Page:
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November 20, 2006

US IT Spending Benchmarks For 2006by Andrew Bartels

Helping Business Thrive On Technology Change


B E S T P R AC T I C E SNovember 20, 2006

Includes Business Technographics data

US IT Spending Benchmarks For 2006by Andrew Bartels with Ellen Daley, Laurie M. Orlov, and Heidi Lo

How To Turn The CIOs Bane Into An Eective Tool For IT Budgeting

EXECUT I V E S U M MA RYEvery year, CIOs and their nance people get prepared for the following question from their CEOs: How does our IT spending compare with our competitors? To help them respond, Forrester is providing 2005 and 2006 IT spending benchmarks, including IT spending as a percentage of revenues by industry and size of company, IT spending per employee, and IT sta as a percentage of total sta. Our recommended IT spending benchmark, though, is spending to maintain and operate the IT organization, systems, and equipment (MOOSE) as a percentage of revenues. Our 2006 estimates for this benchmark metric are included in this report. We also recommend that CIOs should measure and track IT MOOSE over time and against business results, not simply against peer companies.

TABLE O F CO N T E N TS2 IT Benchmarks: Turning the CIOs Bane Into An Eective Tool 5 Issues In Measuring IT MOOSE Over Time 7 Issues In IT MOOSE Peer Benchmarking 15 Putting IT MOOSE In The Context Of Business Process BenchmarkingRECOMMENDATIONS

N OT E S & R E S O U R C E SForrester analyzed data on IT spending as a percentage of revenues from Forrester Business Technographics surveys and from InformationWeek 500 surveys, as well as from Bureau of Labor Statistics data on IT sta.

17 CIOS: Focus On IT MOOSE Relative To Revenues, And Benchmark Three Ways

Related Research Documents Dening The MOOSE In The IT Room October 18, 2005, Best PracticesUS IT Spending Benchmarks for 2005 May 24, 2005, Best Practices

2006, Forrester Research, Inc. All rights reserved. Forrester, Forrester Wave, WholeView 2, Technographics, and Total Economic Impact are trademarks of Forrester Research, Inc. All other trademarks are the property of their respective companies. Forrester clients may make one attributed copy or slide of each gure contained herein. Additional reproduction is strictly prohibited. For additional reproduction rights and usage information, go to Information is based on best available resources. Opinions reect judgment at the time and are subject to change. To purchase reprints of this document, please email


Best Practices | US IT Spending Benchmarks For 2006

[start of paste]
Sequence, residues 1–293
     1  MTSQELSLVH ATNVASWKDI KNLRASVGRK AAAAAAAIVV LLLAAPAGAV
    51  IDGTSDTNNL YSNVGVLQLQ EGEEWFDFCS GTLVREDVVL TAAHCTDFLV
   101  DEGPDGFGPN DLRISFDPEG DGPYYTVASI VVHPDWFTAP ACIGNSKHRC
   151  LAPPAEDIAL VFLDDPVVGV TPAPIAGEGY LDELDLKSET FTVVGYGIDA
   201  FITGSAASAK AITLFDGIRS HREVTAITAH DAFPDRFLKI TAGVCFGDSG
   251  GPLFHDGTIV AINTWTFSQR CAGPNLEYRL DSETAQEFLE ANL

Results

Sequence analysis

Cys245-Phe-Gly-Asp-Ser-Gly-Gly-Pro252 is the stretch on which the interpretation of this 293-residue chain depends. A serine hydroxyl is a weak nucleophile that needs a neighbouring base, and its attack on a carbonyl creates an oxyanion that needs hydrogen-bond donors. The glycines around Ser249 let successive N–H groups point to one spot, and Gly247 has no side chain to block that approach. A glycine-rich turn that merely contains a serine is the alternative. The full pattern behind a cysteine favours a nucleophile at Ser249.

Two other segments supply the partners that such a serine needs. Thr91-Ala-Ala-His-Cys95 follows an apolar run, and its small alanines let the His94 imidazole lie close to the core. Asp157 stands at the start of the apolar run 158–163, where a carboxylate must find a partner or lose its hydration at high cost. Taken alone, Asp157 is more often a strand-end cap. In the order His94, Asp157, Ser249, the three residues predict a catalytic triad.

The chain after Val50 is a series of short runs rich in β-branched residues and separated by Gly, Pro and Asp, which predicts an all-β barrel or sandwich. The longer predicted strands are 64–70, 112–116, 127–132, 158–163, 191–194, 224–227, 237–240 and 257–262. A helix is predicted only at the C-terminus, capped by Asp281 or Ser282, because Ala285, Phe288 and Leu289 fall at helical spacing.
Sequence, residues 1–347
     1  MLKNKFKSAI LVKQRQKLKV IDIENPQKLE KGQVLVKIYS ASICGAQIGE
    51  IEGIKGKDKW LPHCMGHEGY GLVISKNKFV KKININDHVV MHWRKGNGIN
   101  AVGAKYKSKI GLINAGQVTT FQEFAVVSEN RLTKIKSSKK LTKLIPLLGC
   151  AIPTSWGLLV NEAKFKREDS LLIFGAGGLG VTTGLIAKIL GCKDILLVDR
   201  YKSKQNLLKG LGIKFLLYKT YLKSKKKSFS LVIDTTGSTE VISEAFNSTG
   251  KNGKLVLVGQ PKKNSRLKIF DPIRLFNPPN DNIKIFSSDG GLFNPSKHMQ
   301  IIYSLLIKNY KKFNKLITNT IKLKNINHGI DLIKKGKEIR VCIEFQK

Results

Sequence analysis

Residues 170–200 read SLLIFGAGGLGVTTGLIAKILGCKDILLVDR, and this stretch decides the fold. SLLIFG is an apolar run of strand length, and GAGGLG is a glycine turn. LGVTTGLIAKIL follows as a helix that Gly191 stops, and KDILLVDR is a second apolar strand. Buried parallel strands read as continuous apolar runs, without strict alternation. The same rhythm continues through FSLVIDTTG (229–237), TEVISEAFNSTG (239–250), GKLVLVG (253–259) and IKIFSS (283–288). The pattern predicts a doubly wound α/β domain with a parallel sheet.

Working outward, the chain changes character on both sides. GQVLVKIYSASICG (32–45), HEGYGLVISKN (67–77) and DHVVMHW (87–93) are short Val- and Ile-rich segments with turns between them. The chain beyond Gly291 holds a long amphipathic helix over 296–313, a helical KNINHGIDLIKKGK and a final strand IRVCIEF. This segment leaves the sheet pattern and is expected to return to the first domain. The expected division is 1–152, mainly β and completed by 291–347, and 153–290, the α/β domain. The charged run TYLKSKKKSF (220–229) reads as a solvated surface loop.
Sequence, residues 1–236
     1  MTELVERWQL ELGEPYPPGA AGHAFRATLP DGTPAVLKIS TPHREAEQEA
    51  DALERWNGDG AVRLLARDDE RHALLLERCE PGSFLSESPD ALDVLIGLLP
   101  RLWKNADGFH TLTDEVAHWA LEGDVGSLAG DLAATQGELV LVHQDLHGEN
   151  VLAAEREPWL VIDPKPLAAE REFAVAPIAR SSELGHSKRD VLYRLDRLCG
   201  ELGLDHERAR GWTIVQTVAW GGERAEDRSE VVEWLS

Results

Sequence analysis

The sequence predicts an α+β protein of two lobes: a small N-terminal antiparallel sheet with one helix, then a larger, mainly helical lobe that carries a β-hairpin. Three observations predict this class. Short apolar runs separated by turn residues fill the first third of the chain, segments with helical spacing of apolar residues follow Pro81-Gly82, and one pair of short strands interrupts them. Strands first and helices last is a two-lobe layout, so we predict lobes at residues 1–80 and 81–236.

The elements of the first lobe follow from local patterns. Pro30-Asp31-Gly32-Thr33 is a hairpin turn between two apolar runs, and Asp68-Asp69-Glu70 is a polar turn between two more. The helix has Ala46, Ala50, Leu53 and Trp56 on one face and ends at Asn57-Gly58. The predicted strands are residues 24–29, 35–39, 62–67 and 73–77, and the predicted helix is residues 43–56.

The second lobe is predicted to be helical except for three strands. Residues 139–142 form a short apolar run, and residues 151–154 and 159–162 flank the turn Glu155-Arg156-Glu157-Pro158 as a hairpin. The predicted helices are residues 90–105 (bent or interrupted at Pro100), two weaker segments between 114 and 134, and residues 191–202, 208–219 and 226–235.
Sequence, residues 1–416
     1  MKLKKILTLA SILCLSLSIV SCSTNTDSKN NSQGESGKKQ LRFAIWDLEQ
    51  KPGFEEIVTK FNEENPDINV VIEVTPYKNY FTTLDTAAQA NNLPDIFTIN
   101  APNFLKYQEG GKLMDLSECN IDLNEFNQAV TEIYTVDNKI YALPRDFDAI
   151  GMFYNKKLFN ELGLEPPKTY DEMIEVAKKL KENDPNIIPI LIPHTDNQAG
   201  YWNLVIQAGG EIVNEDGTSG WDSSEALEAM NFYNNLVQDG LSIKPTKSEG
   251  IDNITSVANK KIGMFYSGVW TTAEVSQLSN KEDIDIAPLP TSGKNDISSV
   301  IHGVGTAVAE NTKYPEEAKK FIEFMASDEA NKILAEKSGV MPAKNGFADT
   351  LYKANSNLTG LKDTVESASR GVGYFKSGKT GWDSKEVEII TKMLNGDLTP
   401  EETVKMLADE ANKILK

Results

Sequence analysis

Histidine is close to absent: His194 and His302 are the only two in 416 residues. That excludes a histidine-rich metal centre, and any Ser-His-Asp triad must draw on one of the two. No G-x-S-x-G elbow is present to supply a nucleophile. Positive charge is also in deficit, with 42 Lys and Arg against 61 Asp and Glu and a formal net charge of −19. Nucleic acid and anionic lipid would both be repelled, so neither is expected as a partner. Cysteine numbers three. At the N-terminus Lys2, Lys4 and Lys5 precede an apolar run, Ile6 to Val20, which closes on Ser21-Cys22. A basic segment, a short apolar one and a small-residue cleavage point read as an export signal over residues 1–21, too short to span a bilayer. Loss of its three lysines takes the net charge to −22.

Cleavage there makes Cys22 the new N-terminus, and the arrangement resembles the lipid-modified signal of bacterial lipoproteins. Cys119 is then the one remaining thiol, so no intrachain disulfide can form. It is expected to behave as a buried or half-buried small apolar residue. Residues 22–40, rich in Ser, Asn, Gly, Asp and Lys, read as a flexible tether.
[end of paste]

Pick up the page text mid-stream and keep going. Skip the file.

TARGET AUDIENCE Chief information ocer, business process and applications professional IT BENCHMARKS: TURNING THE CIOS BANE INTO AN EFFECTIVE TOOL Every year, Forrester receives calls from CIOs looking for IT spending benchmarks to prove that they are not spending too much on information technology to management or, less commonly, that they are not spending enough. CIOs are looking for these benchmarks mostly for defensive purposes, a sacricial lamb that they need to oer to appease the management gods. They breathe a sigh of relief if they can demonstrate that their own IT metrics are lower than industry peers, or they sweat through the exculpatory explanations if their metrics are higher than peers. To help CIOs and those contributing to the benchmark process, we provide Forresters calculations of appropriate IT spending benchmarks by industry and by company size. Before we present the data, we provide a framework for making IT spending benchmarks, a vehicle for having a constructive dialog with management about the role and value of technology in business success. Focus On The Right IT Benchmark: IT MOOSE As A Percentage Of Revenues The most frequently requested benchmarks are IT spending as a percentage of company revenues for a specic industry, followed by IT spending per employee or IT sta as a percentage of total employees. As we have argued in the past, Forrester believes that these benchmarks are not very useful and can be counterproductive.1 Total IT spending as a percentage of company revenues combines spending on new initiatives more is generally better and spending on ongoing operations and maintenance less is generally better.2 Therefore, an aggregate metric provides little insight into whether a given level of spending is too high or too low. Sta metrics are awed because outsourcing (or lack thereof) at either the IT or the enterprise level makes comparisons meaningless. Instead, we recommend that companies focus on the metric of IT MOOSE as a percentage of revenues. IT MOOSE is the acronym that we use as a substitute for the much more cumbersome description of spending on Maintaining and Operating the [IT] Organization, Systems, and Equipment. MOOSE has the additional benet of conjuring up the image of the large, ugly animal of North America and Europe that can often be found knee-deep in marshes and lakes, which is a pretty accurate metaphor for this part of the IT budget.3 Using IT MOOSE as the main benchmark does not mean ignoring total IT spending as a percentage of revenues. The dierence between IT MOOSE and total IT spending is spending on new initiatives that can create new business value. Its important to know and show how much room there is in the IT budget for new initiatives at a given level of total IT spending to revenues. However, benchmarking spending on new initiatives either against time or against peers is generally not useful. Business requirements (support for a new customer strategy, meeting new regulatory requirements, or an upgrade in disaster recovery or security capabilities, for example) will require